I've been thinking about this for a little while and a crit partner brought up the topic, making me think even more.
It's what inspired me to pick up a pen in the first place.
Reading a really great book, sets my muse playing and lights a fire under my... well, you know.
I read a book differently now, yes. My current book--a romance, contemporary. No magic, no suspense. Just a story about two people, how they meet, fall in love and finally end up together. In one scene, the hero is with his immediate family for dinner. At the end of the scene, I asked myself, "What was the purpose of that scene?" There was a smidge of conflict--if you can really call a bitchy sister who holds a the heroine's mother's sins against the heroine conflict, which I didn't because the hero just blew her off. So what?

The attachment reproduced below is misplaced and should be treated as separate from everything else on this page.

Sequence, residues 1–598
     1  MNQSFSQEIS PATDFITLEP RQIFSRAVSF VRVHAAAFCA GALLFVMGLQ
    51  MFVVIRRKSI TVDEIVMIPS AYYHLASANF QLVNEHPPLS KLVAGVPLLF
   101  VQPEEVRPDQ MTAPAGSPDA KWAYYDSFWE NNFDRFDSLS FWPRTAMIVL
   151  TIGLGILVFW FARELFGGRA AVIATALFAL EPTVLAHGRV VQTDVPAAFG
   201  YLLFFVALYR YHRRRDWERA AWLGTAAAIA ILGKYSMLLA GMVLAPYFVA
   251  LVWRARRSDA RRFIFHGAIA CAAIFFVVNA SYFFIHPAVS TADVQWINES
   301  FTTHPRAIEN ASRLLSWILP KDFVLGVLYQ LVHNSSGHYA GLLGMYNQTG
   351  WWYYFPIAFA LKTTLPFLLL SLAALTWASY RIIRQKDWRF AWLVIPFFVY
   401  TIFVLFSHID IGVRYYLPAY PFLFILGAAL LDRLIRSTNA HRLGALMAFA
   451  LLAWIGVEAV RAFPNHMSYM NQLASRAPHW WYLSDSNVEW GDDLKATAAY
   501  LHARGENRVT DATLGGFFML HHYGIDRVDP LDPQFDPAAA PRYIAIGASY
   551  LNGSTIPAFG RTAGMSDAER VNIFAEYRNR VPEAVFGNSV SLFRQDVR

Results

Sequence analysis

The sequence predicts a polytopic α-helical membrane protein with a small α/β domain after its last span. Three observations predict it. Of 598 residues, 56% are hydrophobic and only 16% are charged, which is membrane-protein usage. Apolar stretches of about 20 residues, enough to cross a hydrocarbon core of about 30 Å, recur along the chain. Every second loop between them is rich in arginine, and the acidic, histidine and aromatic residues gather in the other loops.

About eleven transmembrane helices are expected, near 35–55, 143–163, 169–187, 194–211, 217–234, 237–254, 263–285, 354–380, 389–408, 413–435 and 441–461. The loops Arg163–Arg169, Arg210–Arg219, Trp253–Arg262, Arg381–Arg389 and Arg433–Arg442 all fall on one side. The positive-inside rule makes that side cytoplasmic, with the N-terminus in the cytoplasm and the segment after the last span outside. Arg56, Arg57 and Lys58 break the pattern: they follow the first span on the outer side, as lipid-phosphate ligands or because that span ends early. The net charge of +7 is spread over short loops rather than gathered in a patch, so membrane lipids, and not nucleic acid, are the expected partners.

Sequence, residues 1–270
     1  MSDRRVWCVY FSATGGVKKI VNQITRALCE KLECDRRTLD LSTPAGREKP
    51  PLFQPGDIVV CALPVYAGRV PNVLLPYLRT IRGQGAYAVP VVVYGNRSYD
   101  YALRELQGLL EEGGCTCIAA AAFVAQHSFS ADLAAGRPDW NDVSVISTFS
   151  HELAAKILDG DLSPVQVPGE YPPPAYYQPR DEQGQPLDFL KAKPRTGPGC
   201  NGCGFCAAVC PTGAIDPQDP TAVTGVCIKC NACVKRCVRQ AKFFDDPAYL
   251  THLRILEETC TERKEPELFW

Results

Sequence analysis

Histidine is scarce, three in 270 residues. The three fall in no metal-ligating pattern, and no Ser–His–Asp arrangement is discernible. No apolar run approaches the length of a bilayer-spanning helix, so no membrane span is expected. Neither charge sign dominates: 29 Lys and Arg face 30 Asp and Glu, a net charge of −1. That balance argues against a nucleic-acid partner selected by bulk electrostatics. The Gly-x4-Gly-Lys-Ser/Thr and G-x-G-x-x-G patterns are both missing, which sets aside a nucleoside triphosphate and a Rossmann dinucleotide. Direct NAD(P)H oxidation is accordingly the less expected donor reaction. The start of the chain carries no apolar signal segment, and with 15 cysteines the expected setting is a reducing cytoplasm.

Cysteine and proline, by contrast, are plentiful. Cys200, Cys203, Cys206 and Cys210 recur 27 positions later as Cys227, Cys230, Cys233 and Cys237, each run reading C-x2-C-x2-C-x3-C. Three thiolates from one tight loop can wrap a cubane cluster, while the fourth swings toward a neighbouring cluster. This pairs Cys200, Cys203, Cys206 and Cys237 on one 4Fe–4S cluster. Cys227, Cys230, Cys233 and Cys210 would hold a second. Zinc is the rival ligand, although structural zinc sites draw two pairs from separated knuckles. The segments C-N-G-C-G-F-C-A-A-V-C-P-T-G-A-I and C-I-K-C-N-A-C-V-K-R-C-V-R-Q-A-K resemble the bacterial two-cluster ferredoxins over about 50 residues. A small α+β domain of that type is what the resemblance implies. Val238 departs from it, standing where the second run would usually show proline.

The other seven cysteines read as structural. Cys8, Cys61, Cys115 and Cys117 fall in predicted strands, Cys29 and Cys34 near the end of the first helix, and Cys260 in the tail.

Here's the thing with romance. As a writer, we're told every scene, every dialogue...everything has to somehow affect the MCs, has to either bring them closer together or pull them a little bit apart.
Of course, I'm not sure I'm on that boat. This scene was good[entertaining] and it showed me the hero in a different light. How does he treat his mother? His sisters? How does he relate to his dad?
Did the story move forward? No. Might I mark a scene like that in a crit and question it's importance? I might... I just might.
Reading reminds me that stories can be told in a thousand different ways. It opens doors when I see deadbolts and helps me be sensitive [hopefully] to my crit partners. Well, that's me anyway. I can't imagine not reading.
Read! It's what's for funner. ;-) haha.